I prefer StuffIt over BOMArchiveHelper.app because StuffIt shows a status bar. Who cares if it's a little slower (which StuffIt seems to be), I prefer to know how long it's going to take. What's better: knowing it'll be a minute, or sitting there with NO clue for 50 seconds?

The only downside is the ridiculous process StuffIt makes you go through to download and install even just the free expander. Not only do you have to supply an email address, you've got to check your email for the super-secret download location.

In 10.3, if you had a window open and you threw that folder away, the window closed. In 10.4, the window stayed open but would close if you emptied the trash. In 10.5, when you throw away a folder whose window is open, the window stays open and changes to show the parent directory. I think these behaviors are great, sucky, and even worse, respectively. I like being able to throw away a folder and close its window in one motion, and I like the INSTANT feedback that I threw away a folder whose window is open.

Also, if you move a folder while its window is open--say you're looking at 'Desktop/Stuff' and you drag 'Stuff' to the Documents folder--in 10.4 and earlier, the window stayed open; in 10.5, it drops you to the parent folder. (Need to test on 10.6.)

Adobe's new 'element' icons are inconsistent. 'Bridge' gets a capital B and lowercase R. Flash gets an uppercase F and lowercase L. InDesign gets an uppercase I and small-cap D, and Illustrator, strangely, gets an uppercase A (for 'Adobe') and a lowercase I (for 'Illustrator.') I guess they couldn't accept how capital I and lowercase L look next to each other, and they didn't want to go cap+small cap across the board since InDesign is the only app with a CamelCase name.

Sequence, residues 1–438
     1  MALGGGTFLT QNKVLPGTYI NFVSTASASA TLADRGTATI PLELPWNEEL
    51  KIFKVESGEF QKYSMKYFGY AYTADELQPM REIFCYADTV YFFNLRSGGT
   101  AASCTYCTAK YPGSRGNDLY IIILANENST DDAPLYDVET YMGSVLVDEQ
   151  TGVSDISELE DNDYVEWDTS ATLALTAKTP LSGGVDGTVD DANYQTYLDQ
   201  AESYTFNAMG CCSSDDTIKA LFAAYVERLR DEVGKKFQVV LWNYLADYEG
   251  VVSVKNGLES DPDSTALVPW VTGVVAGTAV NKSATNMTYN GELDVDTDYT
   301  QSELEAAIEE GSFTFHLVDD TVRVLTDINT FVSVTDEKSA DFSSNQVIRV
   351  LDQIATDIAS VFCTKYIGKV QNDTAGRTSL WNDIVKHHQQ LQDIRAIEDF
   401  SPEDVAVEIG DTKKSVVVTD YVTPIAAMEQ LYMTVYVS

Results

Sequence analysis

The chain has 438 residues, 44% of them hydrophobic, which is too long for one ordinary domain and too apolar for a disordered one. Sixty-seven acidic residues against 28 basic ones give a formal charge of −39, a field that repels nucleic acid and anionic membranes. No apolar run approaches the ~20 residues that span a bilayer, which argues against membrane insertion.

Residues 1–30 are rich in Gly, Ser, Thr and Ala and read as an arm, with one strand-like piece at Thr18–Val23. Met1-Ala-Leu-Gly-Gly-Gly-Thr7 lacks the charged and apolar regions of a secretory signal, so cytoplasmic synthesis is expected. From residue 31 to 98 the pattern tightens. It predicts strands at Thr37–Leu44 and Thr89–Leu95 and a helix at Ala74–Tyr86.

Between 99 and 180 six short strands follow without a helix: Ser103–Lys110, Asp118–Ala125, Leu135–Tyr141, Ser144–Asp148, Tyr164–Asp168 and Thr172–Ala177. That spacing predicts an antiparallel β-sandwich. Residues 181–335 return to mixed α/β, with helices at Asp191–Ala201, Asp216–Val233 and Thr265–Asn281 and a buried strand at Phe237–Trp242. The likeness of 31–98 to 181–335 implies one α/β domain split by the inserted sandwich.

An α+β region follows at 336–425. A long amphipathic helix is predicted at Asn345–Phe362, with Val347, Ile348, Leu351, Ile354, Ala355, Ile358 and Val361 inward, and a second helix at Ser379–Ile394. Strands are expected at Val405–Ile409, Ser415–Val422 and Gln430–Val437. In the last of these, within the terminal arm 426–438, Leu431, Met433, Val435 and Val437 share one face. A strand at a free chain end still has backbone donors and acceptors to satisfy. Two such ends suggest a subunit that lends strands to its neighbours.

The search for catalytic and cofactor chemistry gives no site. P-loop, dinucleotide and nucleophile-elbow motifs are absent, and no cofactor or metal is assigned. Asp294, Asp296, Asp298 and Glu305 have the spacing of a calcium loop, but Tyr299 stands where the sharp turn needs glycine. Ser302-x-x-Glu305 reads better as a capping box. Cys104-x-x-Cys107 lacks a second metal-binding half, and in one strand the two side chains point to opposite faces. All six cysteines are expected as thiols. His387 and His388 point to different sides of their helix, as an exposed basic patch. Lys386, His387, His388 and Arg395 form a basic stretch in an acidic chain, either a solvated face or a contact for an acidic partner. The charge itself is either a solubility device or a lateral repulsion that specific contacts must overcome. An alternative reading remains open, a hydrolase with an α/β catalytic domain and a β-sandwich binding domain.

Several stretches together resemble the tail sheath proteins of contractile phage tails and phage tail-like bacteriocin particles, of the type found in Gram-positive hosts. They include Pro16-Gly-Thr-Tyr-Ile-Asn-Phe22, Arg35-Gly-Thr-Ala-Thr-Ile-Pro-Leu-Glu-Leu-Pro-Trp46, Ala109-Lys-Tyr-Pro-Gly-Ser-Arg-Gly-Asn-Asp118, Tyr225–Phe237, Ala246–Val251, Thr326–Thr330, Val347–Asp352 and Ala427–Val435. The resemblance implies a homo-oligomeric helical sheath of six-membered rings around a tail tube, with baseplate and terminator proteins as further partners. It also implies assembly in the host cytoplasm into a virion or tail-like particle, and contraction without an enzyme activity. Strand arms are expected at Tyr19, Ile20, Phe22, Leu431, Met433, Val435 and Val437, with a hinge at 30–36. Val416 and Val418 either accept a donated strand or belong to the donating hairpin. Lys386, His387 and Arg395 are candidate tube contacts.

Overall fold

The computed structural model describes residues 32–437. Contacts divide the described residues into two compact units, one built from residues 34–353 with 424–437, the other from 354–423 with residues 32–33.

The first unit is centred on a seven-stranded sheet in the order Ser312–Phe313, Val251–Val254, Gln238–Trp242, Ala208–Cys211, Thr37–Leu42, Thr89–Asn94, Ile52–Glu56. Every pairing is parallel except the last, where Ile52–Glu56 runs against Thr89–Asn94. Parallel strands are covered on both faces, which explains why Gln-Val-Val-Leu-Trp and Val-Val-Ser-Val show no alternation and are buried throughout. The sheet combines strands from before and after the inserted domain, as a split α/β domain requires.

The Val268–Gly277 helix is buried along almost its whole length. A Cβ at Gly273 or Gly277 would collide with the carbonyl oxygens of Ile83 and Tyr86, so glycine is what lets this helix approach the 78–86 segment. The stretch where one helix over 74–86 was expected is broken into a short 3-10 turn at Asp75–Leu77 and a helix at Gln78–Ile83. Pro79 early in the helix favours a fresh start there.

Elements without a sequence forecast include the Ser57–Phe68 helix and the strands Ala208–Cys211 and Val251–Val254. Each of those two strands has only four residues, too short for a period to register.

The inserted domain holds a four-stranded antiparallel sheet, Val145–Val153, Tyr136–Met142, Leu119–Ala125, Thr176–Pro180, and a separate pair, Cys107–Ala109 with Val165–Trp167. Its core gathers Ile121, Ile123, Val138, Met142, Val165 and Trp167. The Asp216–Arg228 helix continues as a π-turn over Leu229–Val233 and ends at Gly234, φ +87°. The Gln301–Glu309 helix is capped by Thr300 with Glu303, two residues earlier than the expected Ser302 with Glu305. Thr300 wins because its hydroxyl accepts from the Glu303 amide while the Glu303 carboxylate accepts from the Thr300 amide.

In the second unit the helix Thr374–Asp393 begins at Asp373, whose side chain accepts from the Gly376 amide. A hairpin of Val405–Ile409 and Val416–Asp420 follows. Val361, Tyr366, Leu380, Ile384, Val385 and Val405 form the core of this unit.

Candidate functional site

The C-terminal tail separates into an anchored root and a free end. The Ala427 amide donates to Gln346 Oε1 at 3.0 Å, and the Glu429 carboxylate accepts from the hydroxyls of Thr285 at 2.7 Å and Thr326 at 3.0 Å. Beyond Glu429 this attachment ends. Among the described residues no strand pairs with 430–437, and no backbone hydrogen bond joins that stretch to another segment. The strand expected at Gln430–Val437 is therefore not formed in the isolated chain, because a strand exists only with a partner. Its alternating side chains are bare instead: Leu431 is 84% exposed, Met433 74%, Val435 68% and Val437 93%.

For Dreamweaver's 'Dw' and Photoshop's 'Ps,' the uppercase and lowercase forms of the second letter are indistinguishable. Those are the correct spellings--they are NOT 'PhotoShop' and 'DreamWeaver.'

Adobe Device Central and Adobe Stock Photos have typical icon-style icons, and of course Acrobat is the crazy three-sided thingie that it's always been. Acrobat is 'Adobe Acrobat 8 Professional'; all other apps use 'CS3' for their version. Acrobat has always been the "odd man out"--sticking with unique version numbers as the rest of the apps too on CS, CS2, and CS3 versions. Acrobat also gets revisend independant of the rest of the suite: CS came out and shipped with the already-existing Acrobat 6, then Acrobat 7 came out, then CS2, etc.